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“Bite-Size Bits of Local, National, and Global History”
“Bite-Size Bits of Local, National, and Global History”
Near Promontory in Box Elder County, Utah — The American Mountains (Southwest)
 

The Southern Pacific Monument

Golden Spike National Historic Site

 
 
The Southern Pacific Monument Marker image. Click for full size.
Photographed By Duane Hall, May 29, 2013
1. The Southern Pacific Monument Marker
Inscription.  
An Icon Restored
In 1965, the National Park Service assumed ownership of the aging monument, which had been damaged by years of weathering and vandalism. The interior had also been severely damaged by ground water that had wicked up into the monument through its buried base. Early restoration attempts unintentionally contributed to the damage by using materials that did not allow for evaporation of water trapped inside the monument. Based on state of the art technology, the National Park Service began a new repair process in 2001. Restoration and preservation steps included:
  • Removing the concrete monument from the ground to prevent further moisture absorption and allowing it to dry
  • Transferring the monument to its present location
  • Replacing old stucco, paint, and patches with a new, breathable masonry coating
  • Protecting the monument through regularly scheduled maintenance

Significance of the Monument
In 1916, the Southern Pacific Railroad (formerly the Central Pacific Railroad) placed the monument near the site where the nation's first transcontinental railroad was completed.
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For decades, it stood there, a lonely reminder of the driving of the last spike on May 10, 1869 at Promontory Summit, Utah Territory. Today, the handsomely restored monument remains an icon of westward expansion, the settlement of northern Utah and commemorates an historic event that transformed America.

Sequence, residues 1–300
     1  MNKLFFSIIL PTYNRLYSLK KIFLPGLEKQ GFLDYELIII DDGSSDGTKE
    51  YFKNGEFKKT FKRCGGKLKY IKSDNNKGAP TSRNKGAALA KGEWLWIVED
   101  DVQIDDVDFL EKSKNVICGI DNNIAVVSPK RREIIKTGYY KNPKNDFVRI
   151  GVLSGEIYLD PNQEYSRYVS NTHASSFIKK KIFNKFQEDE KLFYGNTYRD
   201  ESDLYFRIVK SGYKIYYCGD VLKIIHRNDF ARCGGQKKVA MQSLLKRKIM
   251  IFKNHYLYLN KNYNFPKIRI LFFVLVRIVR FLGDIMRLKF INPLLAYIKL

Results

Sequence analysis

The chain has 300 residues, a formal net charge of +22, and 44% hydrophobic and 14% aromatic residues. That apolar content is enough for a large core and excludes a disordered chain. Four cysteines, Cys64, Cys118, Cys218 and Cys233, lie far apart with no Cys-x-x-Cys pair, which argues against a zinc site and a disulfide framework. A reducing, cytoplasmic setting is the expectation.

Erected by National Park Service.
 
Topics and series. This historical marker and monument is listed in this topic list: Railroads & Streetcars. In addition, it is included in the Southern Pacific Railroad, and the Transcontinental Railroad series lists. A significant historical month for this entry is May 1768.
 
Location. 41° 37.038′ N, 112° 33.054′ W. Marker is near Promontory, Utah, in Box Elder County. Marker can be reached from Golden Spike Road, 0.1 miles south of 6400 N Road. Marker is located in front of visitor center to Golden Spike National Historic Site. Touch for map. Marker is in this post office area: Corinne UT 84307, United States of America. Touch for directions.
 
Other nearby markers. At least 8 other markers are within walking distance of this marker. Stephen Tyng Mather (here, next to this marker); Golden Spike (here, next to this marker); Evolution of Rail (a few steps from this marker); Last Spike Driven (within shouting distance of this marker); Transforming Communication: from Coast to Coast
Close-up of Photo on Marker image. Click for full size.
Photographed By Duane Hall, May 29, 2013
2. Close-up of Photo on Marker
Caption: The "Last Spike" monument, c. 1927, pictured in its original location near the site where the nation's first transcontinental railroad was completed at Promontory Summit.
(within shouting distance of this marker); Original Rail (within shouting distance of this marker); Irish Monument (within shouting distance of this marker); Competition 1869 (within shouting distance of this marker).
 
Also see . . .  Golden Spike National Historic Site. National Park Service website. (Submitted on July 27, 2013, by Duane Hall of Abilene, Texas.) 
 
Close-up of Photo on Marker image. Click for full size.
Photographed By Duane Hall, May 29, 2013
3. Close-up of Photo on Marker
Caption: Years of weathering caused the concrete monument to crack, splinter, and chip
The Southern Pacific Monument Marker image. Click for full size.
Photographed By Duane Hall, May 29, 2013
4. The Southern Pacific Monument Marker
Southern Pacific Monument in background
Southern Pacific Monument image. Click for full size.
Photographed By Duane Hall, May 29, 2013
5. Southern Pacific Monument
Transferred location of monument in front of Visitor Center
 
 
Credits. This page was last revised on June 16, 2016. It was originally submitted on July 27, 2013, by Duane Hall of Abilene, Texas. This page has been viewed 917 times since then and 12 times this year. Photos:   1, 2, 3, 4, 5. submitted on July 27, 2013, by Duane Hall of Abilene, Texas. • Syd Whittle was the editor who published this page.

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Feb. 25, 2024